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AMA Commits to Renewed Attacks on Harkin Patient Access Law, Optometric Standing in Eyes of Patients and Public

July 11, 2012

After being dealt a series of setbacks on Capitol Hill by optometry, the American Medical Association (AMA) and its medical specialty allies have announced plans for renewed attacks on the landmark Harkin patient access law and a renewed and refocused campaign aimed at undermining optometric education and diminishing ODs in the eyes of patients and the public.

During its annual meeting held this year in late June, the AMA House of Delegates overwhelmingly approved a resolution calling for the AMA and its medical specialty allies to work together and with other like-minded groups toward full repeal of the Harkin patient access law through aggressive Capitol Hill lobbying and direct outreach to U.S. Department of Health and Human Services’ Secretary Kathleen Sebelius and other top agency officials.

The AMA-passed resolution claims that the new Harkin patient access law would effectively limit the ability of health plans to distinguish among varying health care providers. In fact, an AMA spokesperson publicly asserted soon after the approval of the anti-optometry resolution that “before the clause, insurers could have chosen medical doctors over other practitioners or considered their credentials to be of higher quality…”

The AOA-backed Harkin patient access law was opposed by organized medicine and the health insurance industry at each step of the nearly two-year health care reform battle in the nation’s capital. Starting in 2014, this first-ever federal standard of provider non-discrimination will bar health insurers – including ERISA plans – from discriminating against ODs and others in terms of plan coverage and participation.

Through a full mobilization of advocacy resources, AOA has turned back similar AMA-led schemes opposing hard-won provider non-discrimination safeguards that seek to assure full recognition of optometrists by health plans. Going forward, AOA will continue working with pro-optometry partners on Capitol Hill to ensure that pro-access, pro-patient provisions back by AOA and included in the health overhaul law are fully and fairly implemented.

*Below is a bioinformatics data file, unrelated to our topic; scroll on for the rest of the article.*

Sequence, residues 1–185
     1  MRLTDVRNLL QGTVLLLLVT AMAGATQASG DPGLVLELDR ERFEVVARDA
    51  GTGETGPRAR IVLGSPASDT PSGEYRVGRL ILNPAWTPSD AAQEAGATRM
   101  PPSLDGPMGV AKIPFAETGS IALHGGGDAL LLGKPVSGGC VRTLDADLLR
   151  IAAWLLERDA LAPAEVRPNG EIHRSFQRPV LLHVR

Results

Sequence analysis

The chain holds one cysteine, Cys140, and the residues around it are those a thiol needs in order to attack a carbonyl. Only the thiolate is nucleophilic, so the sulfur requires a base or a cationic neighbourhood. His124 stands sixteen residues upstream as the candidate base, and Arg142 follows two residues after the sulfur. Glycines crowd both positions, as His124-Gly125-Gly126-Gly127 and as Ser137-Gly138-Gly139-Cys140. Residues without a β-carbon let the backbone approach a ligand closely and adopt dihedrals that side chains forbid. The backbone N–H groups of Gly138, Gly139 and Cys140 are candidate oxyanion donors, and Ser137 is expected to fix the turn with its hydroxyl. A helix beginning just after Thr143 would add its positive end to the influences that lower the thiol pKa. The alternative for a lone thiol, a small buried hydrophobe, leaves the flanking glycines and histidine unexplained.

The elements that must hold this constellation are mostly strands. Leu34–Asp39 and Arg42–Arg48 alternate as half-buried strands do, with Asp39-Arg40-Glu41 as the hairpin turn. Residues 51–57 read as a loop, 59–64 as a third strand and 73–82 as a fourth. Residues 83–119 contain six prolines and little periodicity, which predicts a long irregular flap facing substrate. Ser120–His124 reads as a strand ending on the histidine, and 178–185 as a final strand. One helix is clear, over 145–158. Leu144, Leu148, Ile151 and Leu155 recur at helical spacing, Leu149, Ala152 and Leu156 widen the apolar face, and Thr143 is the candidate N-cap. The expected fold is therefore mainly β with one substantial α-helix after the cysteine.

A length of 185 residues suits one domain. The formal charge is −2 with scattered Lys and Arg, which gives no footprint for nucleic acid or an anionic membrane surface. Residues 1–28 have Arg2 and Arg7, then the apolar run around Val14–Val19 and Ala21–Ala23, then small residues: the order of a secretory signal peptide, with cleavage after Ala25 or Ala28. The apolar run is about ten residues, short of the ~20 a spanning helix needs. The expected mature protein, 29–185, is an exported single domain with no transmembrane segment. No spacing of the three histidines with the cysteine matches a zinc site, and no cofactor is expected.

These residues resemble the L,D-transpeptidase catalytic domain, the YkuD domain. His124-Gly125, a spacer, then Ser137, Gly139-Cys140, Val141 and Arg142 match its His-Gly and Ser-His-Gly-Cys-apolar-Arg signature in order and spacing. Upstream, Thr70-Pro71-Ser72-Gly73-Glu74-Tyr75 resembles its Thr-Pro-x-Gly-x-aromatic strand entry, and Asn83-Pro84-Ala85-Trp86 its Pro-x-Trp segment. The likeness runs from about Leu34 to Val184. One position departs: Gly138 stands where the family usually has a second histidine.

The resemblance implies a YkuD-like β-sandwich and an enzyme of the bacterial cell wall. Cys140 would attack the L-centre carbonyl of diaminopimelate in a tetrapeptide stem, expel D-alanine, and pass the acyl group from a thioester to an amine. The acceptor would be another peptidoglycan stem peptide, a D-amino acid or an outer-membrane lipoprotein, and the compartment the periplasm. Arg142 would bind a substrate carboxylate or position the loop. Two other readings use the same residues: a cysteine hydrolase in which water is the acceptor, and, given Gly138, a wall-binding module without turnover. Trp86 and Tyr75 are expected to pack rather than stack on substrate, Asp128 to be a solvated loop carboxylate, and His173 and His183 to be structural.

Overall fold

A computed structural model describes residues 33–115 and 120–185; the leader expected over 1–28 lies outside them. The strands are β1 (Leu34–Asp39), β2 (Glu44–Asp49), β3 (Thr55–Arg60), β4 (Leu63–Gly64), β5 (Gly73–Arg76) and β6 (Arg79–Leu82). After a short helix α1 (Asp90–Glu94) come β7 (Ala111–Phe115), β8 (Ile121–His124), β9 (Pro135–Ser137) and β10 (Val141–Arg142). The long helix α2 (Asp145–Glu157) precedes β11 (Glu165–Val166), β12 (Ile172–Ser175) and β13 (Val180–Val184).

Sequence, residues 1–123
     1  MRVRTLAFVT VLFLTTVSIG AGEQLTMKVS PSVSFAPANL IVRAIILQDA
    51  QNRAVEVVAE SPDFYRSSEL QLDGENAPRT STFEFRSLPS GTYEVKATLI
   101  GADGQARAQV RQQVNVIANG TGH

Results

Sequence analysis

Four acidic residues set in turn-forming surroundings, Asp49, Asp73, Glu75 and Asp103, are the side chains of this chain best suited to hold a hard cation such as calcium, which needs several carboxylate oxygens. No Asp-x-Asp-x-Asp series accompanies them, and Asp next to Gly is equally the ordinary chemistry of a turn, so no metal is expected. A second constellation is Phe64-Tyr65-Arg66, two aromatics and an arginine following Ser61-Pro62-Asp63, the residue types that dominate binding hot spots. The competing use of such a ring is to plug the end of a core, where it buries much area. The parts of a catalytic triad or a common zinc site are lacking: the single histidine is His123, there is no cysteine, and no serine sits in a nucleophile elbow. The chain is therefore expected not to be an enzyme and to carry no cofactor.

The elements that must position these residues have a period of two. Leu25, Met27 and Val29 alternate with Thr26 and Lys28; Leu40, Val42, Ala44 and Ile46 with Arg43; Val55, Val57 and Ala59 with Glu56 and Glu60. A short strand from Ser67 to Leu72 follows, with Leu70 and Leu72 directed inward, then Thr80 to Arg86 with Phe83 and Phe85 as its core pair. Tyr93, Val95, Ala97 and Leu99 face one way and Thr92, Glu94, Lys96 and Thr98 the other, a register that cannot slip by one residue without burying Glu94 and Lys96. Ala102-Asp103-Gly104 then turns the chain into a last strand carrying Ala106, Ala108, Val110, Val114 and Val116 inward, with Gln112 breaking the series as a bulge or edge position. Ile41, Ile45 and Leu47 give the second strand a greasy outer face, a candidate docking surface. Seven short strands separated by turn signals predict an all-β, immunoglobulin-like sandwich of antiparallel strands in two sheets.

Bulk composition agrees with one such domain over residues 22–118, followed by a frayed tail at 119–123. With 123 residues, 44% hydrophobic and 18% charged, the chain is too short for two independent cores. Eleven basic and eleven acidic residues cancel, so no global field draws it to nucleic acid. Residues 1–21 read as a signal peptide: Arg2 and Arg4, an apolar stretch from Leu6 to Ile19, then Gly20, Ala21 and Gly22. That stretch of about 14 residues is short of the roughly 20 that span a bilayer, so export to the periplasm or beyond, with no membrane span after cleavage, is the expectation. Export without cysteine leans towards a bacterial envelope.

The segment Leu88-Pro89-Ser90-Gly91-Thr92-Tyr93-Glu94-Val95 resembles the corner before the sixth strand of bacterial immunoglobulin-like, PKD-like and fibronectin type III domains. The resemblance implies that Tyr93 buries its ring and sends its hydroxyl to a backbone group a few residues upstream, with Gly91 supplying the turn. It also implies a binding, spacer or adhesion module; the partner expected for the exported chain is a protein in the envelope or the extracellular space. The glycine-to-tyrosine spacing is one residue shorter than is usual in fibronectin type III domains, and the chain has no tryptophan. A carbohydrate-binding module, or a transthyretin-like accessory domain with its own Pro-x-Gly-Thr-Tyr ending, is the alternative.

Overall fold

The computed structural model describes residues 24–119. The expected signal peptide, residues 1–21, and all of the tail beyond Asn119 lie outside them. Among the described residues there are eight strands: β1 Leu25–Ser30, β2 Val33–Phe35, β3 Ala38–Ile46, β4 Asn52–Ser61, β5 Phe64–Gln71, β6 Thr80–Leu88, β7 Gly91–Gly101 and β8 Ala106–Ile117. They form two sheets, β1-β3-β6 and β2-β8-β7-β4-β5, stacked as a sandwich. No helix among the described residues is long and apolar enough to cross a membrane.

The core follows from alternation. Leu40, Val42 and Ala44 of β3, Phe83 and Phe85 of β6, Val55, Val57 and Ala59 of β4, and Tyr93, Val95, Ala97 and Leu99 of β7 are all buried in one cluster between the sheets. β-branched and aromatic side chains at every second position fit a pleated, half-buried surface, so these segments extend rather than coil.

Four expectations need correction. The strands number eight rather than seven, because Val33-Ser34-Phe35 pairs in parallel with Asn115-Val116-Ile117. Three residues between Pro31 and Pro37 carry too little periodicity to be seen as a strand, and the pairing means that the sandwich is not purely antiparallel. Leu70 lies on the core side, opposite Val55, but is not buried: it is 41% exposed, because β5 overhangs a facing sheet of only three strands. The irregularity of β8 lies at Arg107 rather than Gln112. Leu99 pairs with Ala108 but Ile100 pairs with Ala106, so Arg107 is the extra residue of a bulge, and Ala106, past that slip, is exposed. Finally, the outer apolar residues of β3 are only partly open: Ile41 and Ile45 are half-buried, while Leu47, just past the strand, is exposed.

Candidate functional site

At the annual meeting, the AMA House also approved a separate resolution calling for a renewed and refocused effort aimed at enacting so-called “truth in advertising” laws on the state level. Organized medicine’s ongoing campaign to advance such anti-optometry laws have been closely linked to the AMA’s Scope of Practice Partnership – a nationwide advocacy campaign aimed at, in part, shrinking optometry’s scope of practice and diminishing the profession in the eyes of patient and the public.

The AMA resolution claims that new “truth in advertising” laws are needed to help “ensure patients are properly informed when making health care decisions…” Similar efforts in the past have focused on uniting doctors of medicine and osteopathy in opposition to the increasing use of optometrists and others in primary care. An example of such an effort on the national level is “truth and transparency in health care” legislation sponsored by Rep. John Sullivan (R-Okla.) and strongly back by the AMA and a number of medical specialty societies.

However, after being defeated multiple times on Capitol Hill, rebuffed by two leading Washington, D.C. free-market think tanks, and most recently suffering the loss of their lead Congressional champion on this issue to an AOA-backed primary challenger, the AMA and its allies appear to be abandoning efforts to enact these types of laws on the federal level and may instead be focusing resources on state-level efforts.

In fact, despite AMA aggressively backing Rep. Sullivan’s push for new FTC controls over how ODs practice and provide care for patients, the group seems to be rethinking its strategy. In response to FTC involvement in an ongoing scope of practice battle in one state, AMA’s then-President Peter Carmel said in a letter to FTC officials that “it is crucial that licensing boards carry out the responsibilities assigned to them by state legislatures without being intimidated by federal overreach from the FTC.”

Nevertheless, AOA will continue to fight these types of anti-competitive campaigns on the federal level and stands ready to help states vigorously oppose new state-level controls on how ODs practice and provide care for patients. For more information on AOA Advocacy and how you can get involved, including through the AOA Federal Keyperson Program and AOA-PAC, please contact the AOA Washington Office by calling 1-800-365-2219 or by email at ImpactWashingtonDC@aoa.org.

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